Makers of generic AIDS drugs will start churning out millions of pills for Africa containing a state-of-the-art medicine widely used in rich countries, after securing a multi-million dollar guarantee that caps prices at just $75 per patient a year. Global health experts hope the deal will help address two looming problems in the HIV epidemic - the rising threat of resistance developing to standard AIDS drugs, and the need for more investment in manufacturing capacity. Bill Gates’ charitable foundation will...
(Reuters (Eng) 09/18/17)
Hundreds of Tunisians protested on Saturday in the streets of the capital against a widely contested new law that grants officials from the former regime involved in corruption amnesty from prosecution. Tunisia’s parliament on Wednesday approved a law protecting officials accused of graft during the rule of autocrat Zine El-Abidine Ben Ali, triggering angry protests by the opposition and activists. Waving flags and banners saying “No to forgiveness”, “Resisting against mafia rule”, around 1,500 people marched through the capital’s central...
(The Associated Press 09/15/17)
Tunisia's Parliament has adopted a hotly disputed law giving amnesty to thousands of people linked to corruption under its former authoritarian regime. Hundreds of demonstrators protested outside the legislature saying they fear a return to Tunisia's pre-Arab Spring past. After an unusually angry debate and opposition walkout over the measure, it passed by 117 votes to nine in a Wednesday night vote. The full amnesty only concerns those who followed orders from corrupt leaders but did not make personal gains. Those who made money off corrupt dealings can pay back embezzled sums, along with a penalty, in exchange for freedom from prosecution. President Beji Caid Essebsi
(AFP (eng) 09/14/17)
Tunisia has abolished a decades-old ban on Muslim women marrying non-Muslims, the presidency said Thursday. "Congratulations to the women of Tunisia for the enshrinement of the right to the freedom to choose one's spouse," presidency spokeswoman Saida Garrach wrote on Facebook. The announcement comes a month after President Beji Caid Essebsi called for the government to scrap the ban dating back to 1973. Until now a non-Muslim man who wished to marry a Tunisian woman had to convert to Islam and submit a certificate of his conversion as proof. Human rights groups in the North African country had campaigned for the ban's abolition...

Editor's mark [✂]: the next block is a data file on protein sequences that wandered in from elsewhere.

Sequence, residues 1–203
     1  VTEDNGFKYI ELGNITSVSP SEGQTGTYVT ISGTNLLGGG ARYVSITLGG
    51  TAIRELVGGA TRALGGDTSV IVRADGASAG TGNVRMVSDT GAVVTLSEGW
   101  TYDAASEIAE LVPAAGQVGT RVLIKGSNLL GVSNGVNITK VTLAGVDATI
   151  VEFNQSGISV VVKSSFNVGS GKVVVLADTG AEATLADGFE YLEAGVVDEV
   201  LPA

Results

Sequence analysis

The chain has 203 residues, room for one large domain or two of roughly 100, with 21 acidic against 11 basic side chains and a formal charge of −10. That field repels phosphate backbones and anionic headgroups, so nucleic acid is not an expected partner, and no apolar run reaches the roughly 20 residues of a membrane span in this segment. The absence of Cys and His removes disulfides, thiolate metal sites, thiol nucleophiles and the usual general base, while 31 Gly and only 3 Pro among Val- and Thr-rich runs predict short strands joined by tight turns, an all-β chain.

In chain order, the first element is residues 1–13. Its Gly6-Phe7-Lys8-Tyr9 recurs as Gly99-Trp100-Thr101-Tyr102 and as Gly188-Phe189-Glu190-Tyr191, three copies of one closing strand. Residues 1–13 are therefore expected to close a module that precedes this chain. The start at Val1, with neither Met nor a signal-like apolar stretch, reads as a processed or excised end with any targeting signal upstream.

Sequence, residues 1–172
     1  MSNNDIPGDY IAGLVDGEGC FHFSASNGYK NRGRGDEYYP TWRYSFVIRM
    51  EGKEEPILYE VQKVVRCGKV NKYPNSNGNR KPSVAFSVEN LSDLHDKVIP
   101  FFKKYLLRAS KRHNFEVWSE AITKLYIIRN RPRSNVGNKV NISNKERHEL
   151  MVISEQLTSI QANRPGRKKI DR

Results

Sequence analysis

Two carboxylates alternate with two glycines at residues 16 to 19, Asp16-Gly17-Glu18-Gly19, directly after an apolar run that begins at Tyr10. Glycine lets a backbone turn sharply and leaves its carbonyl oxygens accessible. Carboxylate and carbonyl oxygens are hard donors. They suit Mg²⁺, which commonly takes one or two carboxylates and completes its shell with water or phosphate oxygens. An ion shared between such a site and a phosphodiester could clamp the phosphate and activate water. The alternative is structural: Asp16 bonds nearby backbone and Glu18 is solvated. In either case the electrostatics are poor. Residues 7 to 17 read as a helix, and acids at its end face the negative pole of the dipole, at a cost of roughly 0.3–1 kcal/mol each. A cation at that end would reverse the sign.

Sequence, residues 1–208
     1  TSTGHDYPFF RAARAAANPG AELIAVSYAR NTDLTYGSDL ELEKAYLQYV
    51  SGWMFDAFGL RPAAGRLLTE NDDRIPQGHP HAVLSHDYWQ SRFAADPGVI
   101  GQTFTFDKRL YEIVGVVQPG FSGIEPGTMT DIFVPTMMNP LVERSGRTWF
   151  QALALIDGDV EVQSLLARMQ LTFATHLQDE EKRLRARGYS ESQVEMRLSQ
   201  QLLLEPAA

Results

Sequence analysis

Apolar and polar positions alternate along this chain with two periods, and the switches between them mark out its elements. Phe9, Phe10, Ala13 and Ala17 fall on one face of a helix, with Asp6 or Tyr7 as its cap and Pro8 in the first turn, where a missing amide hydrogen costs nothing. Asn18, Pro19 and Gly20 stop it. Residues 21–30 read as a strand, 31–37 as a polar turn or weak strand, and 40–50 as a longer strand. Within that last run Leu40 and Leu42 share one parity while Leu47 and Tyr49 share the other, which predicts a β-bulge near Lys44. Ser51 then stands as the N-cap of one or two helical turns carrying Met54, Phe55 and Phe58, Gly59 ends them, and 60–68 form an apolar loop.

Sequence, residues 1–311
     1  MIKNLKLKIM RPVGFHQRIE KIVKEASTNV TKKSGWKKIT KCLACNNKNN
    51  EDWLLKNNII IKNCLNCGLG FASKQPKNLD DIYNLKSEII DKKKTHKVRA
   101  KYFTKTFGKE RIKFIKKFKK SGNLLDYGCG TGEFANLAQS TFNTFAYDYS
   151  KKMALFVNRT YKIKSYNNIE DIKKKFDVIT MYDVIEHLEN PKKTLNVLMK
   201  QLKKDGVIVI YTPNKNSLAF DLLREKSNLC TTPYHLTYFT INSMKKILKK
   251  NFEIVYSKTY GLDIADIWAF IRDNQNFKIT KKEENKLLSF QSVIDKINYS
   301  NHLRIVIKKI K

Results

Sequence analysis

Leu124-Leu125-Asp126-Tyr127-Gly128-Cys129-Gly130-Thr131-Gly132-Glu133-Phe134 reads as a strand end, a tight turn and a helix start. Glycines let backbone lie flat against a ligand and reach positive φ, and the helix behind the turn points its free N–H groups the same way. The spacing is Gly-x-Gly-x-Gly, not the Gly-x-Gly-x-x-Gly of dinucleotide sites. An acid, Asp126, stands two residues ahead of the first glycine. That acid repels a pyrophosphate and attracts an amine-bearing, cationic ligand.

(Bloomberg 09/11/17)
The South African companies that dominate the U.K.’s growing private hospital industry are counting on more people like Katie Corrie. A children’s party entertainer, Corrie opted to use 13,000 pounds ($17,000) of her savings and inheritance to get a hip replacement rather than spend months on a National Health Service waiting list. Britons like her are forking out almost 1 billion pounds a year to cover their own medical expenses, a trend that’s giving at least one industry the scope...
(Reuters (Eng) 09/09/17)
The figures jumping from a small boat into the clear shallow waters and running ashore on an Italian beach look like troops practicing a D-Day-style landing, but this is no drill, and these are not soldiers. The images, caught on camera, show what has become a increasingly common sight on the beaches of Italy’s southern islands - migrants from Africa landing in broad daylight. “In the past these boats came at night,” said Claudio Lombardo, the local head of the Mareamico (Friend of the Sea) environmental group who filmed the scene on a beach near Agrigento in Sicily on Wednesday morning.
(APA 09/08/17)
Deprivation and marginalization, underpinned by weak governance, are primary forces driving young Africans into violent extremism, according to a comprehensive new study by the United Nations Development Programme (UNDP), the first study of its kind. Based on interviews with 495 voluntary recruits to extremist organizations such as Al-Shabaab and Boko Haram, the new study also found that it is often perceived state violence or abuse of power that provides the final tipping point for the decision to join an extremist...